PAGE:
The sturdy little aircraft felt as though it bounced from cloud to cloud. I was happy for four motors, and a short flight.
40 years later I remember this flight for the unique plane and the way it responded to the task. I chose it over a Texas International Air DC-9, which had delivered me to Dallas on Christmas Eve.
|John Park, 15.12.2010|
We have the original Prototype Heron for sale here at the Aviation Heritage Museum in Bullcreek WA Australia for $20,0000. Need restoring. Is As Where Is.
|John Ives, 02.09.2010|
I owned and ran the last commercial operation of heron Aircraft in the world. They were used for long haul tourist flights around Australia.
We also probably did the last long haul flight in a piston powered 4 engine propellor aircraft (a Heron) on either of these two flights.
the first was from Staverton (UK) to Sydney (Australia) in 1993. The second was an extend Air cruise through the Pacific from Stydney through to the Cook Islands.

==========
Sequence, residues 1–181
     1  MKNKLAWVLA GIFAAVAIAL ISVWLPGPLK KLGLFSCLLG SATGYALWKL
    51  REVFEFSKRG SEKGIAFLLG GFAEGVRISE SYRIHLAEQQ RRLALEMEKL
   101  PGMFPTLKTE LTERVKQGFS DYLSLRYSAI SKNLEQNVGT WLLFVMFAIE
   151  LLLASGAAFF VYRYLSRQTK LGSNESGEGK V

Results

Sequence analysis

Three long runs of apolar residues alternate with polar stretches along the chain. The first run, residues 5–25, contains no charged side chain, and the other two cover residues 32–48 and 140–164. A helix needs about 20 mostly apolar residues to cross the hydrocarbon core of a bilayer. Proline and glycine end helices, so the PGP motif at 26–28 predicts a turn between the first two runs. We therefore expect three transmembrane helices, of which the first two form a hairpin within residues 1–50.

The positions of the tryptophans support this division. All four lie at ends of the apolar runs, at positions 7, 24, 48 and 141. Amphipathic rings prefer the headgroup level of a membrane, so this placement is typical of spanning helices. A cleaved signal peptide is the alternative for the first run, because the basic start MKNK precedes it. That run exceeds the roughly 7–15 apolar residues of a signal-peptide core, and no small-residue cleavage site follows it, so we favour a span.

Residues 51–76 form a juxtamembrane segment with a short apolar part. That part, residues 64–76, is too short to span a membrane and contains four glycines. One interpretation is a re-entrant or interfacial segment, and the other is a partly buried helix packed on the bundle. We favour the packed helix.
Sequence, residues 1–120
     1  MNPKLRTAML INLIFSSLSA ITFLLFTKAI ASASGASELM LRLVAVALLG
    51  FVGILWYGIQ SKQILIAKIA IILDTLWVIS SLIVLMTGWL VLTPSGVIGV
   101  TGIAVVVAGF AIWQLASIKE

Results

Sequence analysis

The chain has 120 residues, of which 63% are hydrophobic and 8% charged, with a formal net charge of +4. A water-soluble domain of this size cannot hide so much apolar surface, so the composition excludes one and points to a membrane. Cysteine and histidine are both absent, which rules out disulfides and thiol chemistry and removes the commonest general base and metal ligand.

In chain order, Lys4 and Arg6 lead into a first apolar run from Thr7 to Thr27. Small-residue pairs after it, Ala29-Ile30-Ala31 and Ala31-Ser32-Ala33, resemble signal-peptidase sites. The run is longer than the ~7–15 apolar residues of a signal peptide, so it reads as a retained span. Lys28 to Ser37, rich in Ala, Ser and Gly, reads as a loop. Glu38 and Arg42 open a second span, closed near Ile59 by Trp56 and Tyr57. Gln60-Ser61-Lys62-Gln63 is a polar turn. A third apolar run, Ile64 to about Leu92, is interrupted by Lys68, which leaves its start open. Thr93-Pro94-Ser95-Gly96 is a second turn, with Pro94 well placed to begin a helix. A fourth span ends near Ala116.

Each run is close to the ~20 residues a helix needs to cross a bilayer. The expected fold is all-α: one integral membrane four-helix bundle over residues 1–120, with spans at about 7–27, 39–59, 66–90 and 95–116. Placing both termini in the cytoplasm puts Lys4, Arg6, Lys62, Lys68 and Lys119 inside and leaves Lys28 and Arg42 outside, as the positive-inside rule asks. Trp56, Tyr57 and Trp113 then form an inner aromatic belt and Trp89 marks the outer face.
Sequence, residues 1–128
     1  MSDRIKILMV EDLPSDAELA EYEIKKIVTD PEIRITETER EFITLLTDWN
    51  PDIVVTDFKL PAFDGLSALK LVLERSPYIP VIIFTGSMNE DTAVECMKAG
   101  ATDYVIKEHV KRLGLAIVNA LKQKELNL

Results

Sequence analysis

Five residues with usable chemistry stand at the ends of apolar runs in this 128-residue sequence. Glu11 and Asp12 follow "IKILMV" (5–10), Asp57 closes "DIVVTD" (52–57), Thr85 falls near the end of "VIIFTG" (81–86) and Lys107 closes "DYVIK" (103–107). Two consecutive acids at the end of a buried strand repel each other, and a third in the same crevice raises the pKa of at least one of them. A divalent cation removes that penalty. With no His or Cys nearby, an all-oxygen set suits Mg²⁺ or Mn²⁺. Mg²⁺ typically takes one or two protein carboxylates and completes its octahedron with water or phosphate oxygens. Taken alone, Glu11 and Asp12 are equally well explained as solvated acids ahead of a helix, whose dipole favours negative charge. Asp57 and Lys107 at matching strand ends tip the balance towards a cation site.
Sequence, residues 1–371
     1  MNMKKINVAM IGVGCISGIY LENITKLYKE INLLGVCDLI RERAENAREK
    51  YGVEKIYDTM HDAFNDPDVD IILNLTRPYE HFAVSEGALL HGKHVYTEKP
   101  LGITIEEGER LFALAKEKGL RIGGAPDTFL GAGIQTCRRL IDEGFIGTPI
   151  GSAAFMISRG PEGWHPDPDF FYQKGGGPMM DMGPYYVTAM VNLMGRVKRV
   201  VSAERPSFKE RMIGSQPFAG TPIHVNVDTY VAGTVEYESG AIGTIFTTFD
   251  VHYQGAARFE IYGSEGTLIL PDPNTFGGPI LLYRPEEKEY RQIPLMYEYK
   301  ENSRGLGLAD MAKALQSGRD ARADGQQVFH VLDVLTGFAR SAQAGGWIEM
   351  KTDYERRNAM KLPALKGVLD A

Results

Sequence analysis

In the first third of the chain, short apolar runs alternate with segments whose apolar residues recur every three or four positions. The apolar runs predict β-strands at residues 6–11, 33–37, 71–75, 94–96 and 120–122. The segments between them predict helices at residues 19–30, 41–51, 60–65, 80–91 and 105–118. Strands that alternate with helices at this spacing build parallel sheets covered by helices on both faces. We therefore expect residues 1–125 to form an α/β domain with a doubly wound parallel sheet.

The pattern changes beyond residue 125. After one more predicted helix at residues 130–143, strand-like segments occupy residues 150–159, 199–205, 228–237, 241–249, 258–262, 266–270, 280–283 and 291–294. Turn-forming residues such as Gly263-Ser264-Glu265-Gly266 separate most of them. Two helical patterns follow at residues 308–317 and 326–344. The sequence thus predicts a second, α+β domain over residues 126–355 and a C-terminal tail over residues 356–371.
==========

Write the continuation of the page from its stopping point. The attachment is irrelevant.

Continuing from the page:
If anyone can be that I would be very surprised.
Currently I am re writing the history of the Heron Aircraft and its operations. My aim is to document including at least one picture of every serial number.
|Anders Jacobsen, 26.05.2010|
The V-speeds in the AFM for the Riley Heron (Lycoming engines) we operate are:
Climb speed one engine out=97 Kts
Climb Speed two engines out=90 Kts
|Anders Jacobsen, 26.05.2010|
I´m presently one of only two (shortly three) Heron pilots in Sweden. We are currently operating DH114-2X Riley Heron s/n 14064 reg N415SA out of Västerås, Sweden. She´s a beauty to fly and to look at (see pictures on the internet searching the reg.no.). Our plan is to operate the a/c for airshows and to fly-ins in Sweden/Scandinavia. Next airshow coming up is in Västerås 30th of May 2010.
|Marcos De Bonis, 11.05.2010|
I would appreciate to receive V-speeds for Heron Continental powered.Because I'm a commercial pilot I cannot imagine flying this beauty w/o them.
Thank you in advance
M. De Bonis-São Paulo-Brazil.
Do you have any comments about this aircraft ?